German flag-carrier Lufthansa is facing an in-depth investigation by the European Commission over its €6 billion ($6.5 billion) recapitalisation during the Covid-19 pandemic, following court annulment of the original approval.

The state aid measure comprised a €5.7 billion silent participation, made up of two financial instruments, plus a €306 million equity component.

Although the Commission found the measure compatible with state-aid rules in June 2020, the European Union’s General Court ruled last year that the recapitalisation did not meet a number of conditions laid out in a temporary framework drawn up to support economies affected by the pandemic.

This ruling, which followed a complaint by budget carrier Ryanair, is still subject to appeal.

Lufthansa Airbus-c-Lufthansa Group

Source: Lufthansa Group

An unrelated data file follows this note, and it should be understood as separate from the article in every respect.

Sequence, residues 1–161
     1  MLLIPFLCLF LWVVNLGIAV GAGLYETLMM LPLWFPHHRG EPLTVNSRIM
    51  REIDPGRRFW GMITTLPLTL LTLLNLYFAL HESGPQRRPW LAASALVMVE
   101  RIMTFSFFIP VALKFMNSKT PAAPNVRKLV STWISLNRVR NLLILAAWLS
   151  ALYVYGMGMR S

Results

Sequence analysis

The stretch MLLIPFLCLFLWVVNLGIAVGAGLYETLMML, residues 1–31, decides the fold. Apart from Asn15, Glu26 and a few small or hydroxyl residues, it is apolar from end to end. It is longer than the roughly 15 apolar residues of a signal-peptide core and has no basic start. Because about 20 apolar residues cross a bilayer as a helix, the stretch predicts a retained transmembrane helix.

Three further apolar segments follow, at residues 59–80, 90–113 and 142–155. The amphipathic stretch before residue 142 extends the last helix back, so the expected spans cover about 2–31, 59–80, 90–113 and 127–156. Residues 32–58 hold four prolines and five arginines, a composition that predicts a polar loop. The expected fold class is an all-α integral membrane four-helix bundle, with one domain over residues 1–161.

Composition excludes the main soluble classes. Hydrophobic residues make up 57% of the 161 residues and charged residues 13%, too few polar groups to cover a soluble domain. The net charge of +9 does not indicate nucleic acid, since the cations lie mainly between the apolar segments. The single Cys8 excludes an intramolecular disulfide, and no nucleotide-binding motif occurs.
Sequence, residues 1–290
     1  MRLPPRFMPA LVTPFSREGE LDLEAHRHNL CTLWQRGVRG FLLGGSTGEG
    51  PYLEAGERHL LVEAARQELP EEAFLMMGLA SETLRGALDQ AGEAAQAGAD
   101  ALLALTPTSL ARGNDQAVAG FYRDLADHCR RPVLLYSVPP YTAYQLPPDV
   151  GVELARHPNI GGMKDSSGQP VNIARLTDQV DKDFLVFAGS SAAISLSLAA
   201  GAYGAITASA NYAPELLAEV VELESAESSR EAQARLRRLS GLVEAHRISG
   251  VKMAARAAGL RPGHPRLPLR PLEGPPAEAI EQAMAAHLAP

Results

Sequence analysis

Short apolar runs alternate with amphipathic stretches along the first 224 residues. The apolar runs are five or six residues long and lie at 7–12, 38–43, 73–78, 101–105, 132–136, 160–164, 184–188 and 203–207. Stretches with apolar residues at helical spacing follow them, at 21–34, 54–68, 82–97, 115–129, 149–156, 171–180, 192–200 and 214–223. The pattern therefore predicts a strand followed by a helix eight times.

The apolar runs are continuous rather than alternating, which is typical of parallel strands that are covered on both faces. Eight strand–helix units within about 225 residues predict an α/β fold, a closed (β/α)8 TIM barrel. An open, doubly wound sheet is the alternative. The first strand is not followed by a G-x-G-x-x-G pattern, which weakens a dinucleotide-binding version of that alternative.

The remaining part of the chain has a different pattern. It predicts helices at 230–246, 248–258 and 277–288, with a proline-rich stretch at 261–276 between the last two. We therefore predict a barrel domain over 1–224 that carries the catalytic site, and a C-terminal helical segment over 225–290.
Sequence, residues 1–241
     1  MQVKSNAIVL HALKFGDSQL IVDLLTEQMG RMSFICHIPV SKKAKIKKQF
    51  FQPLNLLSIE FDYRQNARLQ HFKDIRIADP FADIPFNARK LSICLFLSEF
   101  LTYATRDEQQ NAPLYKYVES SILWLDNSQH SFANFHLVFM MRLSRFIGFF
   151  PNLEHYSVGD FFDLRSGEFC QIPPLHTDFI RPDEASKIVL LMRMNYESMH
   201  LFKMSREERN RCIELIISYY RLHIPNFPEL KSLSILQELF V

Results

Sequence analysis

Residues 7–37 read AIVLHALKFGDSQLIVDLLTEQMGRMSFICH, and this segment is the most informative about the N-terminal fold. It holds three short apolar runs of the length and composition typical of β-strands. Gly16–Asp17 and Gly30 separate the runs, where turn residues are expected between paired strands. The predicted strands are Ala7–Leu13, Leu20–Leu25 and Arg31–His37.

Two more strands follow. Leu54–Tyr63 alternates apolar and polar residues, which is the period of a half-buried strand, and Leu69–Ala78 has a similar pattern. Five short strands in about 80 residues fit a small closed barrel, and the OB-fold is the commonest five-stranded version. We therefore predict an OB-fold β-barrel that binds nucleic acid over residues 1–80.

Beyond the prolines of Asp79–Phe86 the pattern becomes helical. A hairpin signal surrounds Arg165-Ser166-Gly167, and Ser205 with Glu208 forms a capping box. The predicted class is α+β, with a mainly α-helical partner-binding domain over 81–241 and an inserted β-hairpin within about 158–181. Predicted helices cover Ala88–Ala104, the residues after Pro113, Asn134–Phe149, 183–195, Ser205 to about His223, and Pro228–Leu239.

Initial approval of Lufthansa’s aid was overturned in 2023 after a court case brought by Ryanair

But the Commission nevertheless says it will carry out a “more in-depth” examination of the recapitalisation as a result of the judgement.

It will concentrate on such aspects as Lufthansa’s eligibility for the aid – last year’s ruling stated that the Commission did not assess whether Lufthansa could have raised necessary financing on the markets.

The investigation will also look at market power at Lufthansa Group airports other than its Frankfurt and Munich hubs, as well as financial details and the need for a mechanism to incentivise exit of the government from the company’s capital.

Lufthansa had to comply with several commitments as a condition of receiving the aid, including restrictions on management and shareholder payments, and divestment of slots at its hubs.